May 2018

SAM's Annual Best and Worst in Marketing 2017-18

Written by Gregg Blanchard, Halley O’Brien, Dave Meeker, Meghen Townsend, Alex Kaufman, Mary Walsh | 0 comment

Table of Contents


Best Case of Playing to the Audience
Carinthia at Mount Snow, Vt.

may18 best worst print carinthiaThe young followers on the Carinthia Parks Instagram feed love to curse, talk smack, and be generally inappropriate. These keyboard tough guys (and girls) have a say in where the family goes on vacation, but they’re not searching Travelzoo for great deals like mom and dad are. They’re staring at Instagram and flipping through ski and snowboard magazines to see which place is raddest (ugh). Big ups to Mount Snow for recognizing this and speaking their language. If mom saw the “Go Huck Yourself” Carinthia Parks ads in Freeskier or Snowboarder mags, she wouldn’t be too impressed. Nor would she understand why the ad has no website URL, and only @carinthiaparks. Junior, however, has all he needs. —D.M.

Most Inclusive Park Philosophy
Sun Valley, Idaho
may18 best worst print sun valleyIt’s truly music to our ears: “Places for learners. Parks for pros. And everything in between … Dollar Mountain is stepping into the future of ‘parks for everyone.’” Sun Valley’s 2018 print campaign for its new park program at Dollar Mountain featured a two-page spread explaining its philosophy on freestyle terrain for all abilities. As such, the photos and info are inclusive. Sun Valley’s stance is a powerful one, staking a claim in the ever-expanding interest in park riding and acknowledging that hitting jumps isn’t just for X Games hopefuls—parks can be fun for everyone. This outlook is a surefire way to stoke out a wide customer base. —M.W.

Most Enticing Ad for a Ski Deprived Mom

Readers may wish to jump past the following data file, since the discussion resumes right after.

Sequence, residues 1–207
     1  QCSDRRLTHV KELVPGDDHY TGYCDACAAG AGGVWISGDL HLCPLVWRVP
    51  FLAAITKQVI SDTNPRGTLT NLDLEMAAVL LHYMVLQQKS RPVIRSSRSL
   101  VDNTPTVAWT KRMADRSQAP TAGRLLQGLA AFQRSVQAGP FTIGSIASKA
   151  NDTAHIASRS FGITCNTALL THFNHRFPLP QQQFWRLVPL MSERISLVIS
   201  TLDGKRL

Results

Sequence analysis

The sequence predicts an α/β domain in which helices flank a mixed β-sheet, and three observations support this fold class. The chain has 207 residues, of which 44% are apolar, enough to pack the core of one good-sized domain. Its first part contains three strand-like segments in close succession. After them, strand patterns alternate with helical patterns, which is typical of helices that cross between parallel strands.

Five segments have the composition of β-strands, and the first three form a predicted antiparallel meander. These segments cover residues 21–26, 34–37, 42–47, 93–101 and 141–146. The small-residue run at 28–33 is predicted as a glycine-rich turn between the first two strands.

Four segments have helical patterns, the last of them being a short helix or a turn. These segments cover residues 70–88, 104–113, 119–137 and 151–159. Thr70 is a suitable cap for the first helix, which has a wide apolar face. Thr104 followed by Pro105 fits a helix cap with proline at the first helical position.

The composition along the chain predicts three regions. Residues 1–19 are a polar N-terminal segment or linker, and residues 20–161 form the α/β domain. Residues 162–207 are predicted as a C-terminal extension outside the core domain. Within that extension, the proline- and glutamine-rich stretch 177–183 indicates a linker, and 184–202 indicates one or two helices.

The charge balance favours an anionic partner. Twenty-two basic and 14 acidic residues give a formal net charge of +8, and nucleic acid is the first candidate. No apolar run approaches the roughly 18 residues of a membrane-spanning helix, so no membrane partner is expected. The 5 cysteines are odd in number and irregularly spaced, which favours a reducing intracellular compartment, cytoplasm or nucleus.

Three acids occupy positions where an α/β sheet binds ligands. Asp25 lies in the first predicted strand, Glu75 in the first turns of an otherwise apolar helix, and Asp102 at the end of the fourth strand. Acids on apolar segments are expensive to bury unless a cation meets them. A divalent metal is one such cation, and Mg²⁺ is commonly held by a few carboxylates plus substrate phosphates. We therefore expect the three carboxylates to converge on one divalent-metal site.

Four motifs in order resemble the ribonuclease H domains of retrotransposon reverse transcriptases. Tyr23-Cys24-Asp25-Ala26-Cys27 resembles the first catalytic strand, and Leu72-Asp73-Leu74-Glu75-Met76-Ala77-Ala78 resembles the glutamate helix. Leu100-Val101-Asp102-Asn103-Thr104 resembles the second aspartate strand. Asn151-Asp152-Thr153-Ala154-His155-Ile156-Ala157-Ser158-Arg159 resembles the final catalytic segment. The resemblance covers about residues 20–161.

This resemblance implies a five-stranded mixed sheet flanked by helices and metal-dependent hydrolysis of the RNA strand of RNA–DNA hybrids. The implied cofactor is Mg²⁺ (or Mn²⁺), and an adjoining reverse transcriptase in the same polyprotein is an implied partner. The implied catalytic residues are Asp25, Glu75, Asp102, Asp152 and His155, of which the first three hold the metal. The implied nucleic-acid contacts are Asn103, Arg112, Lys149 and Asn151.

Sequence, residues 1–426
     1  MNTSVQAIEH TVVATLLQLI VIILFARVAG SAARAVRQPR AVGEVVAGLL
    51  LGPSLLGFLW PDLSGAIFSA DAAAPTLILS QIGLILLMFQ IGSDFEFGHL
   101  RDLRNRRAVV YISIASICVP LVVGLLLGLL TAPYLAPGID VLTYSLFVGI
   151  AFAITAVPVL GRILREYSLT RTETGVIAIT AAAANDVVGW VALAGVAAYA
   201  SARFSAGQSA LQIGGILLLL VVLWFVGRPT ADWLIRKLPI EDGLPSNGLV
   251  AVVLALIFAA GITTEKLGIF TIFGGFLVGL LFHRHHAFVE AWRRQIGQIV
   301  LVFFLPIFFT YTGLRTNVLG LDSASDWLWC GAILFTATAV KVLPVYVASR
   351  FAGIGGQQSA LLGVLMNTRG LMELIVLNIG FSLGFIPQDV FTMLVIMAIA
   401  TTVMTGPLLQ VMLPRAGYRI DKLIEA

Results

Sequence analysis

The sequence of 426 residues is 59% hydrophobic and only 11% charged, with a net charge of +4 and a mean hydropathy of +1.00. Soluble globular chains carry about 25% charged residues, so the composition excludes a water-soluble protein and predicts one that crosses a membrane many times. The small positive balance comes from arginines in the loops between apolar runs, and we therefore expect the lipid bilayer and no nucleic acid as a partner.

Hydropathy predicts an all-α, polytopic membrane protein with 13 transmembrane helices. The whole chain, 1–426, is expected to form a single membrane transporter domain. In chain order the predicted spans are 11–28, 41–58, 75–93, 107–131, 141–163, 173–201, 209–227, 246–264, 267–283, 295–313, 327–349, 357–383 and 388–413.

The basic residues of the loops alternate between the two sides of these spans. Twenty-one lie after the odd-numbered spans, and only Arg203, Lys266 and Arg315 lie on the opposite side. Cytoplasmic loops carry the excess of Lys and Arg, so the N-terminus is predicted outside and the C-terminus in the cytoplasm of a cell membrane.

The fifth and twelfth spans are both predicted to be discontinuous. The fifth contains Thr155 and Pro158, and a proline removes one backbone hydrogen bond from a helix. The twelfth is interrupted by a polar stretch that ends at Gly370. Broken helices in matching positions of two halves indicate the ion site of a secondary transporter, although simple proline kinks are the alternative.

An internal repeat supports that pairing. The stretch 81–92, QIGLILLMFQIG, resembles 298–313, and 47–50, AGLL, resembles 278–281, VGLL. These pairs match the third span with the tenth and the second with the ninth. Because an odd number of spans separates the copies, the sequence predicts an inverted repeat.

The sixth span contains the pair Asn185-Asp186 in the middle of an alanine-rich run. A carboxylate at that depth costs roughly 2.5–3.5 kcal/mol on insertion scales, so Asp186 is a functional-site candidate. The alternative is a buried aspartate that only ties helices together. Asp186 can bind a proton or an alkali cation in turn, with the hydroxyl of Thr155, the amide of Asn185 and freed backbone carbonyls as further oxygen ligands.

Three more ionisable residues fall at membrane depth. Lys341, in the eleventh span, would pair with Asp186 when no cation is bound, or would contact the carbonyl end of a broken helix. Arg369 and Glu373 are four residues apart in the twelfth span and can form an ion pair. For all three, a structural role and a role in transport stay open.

Grand Targhee, Wyo.
may18 best worst print grand targheeThe 2017-18 season started slowly out West, our family is expanding, and for countless other silly reasons, it just did not feel like a great year to commit to a full-fledged ski vacation. Fast forward to March, when I am experiencing some major ski envy. Every single member of my ski tribe is enjoying copious amounts of fresh powder. Those in Vermont and New Hampshire are gleefully posting photos of 2+ feet of snow, and friends who traveled to B.C. are sharing photos that look like they were taken inside a snow globe. Why oh why didn’t I plan a trip this year? I know that no matter how patchy, scratchy, or slushy the conditions, I’ve never once regretted a ski vacation. So I sit here, staring at this ad telling me not to miss another winter, nodding my head in agreement, Googling the conditions at Grand Targhee. Agreed: I will not miss out next year. —M.T.

Most Honest Print Campaign
Magic Mountain, Vt.
may18 best worst print magic mountainMagic Mountain, located in southern Vermont just minutes from a handful of major resorts, is one of those operations falling behind in the “pimp my resort” games—and that’s exactly where it wants to be. Since new ownership took over a couple years ago, the ski area’s resurgence has been the result of a marketing message that’s less about keeping up, and more about staying the same. Heading back in time, even. As one of its print ads states: “Throw it Back.” That has as much to do with the old-school vibe and fixed-grip lifts as it does the mountain’s proper, no-frills après scene. Magic embraces what it is, “Where skiing still has its soul,” and makes no apologies for it. Others in a similarly capital-constrained situation may find success taking a similar approach. —D.M.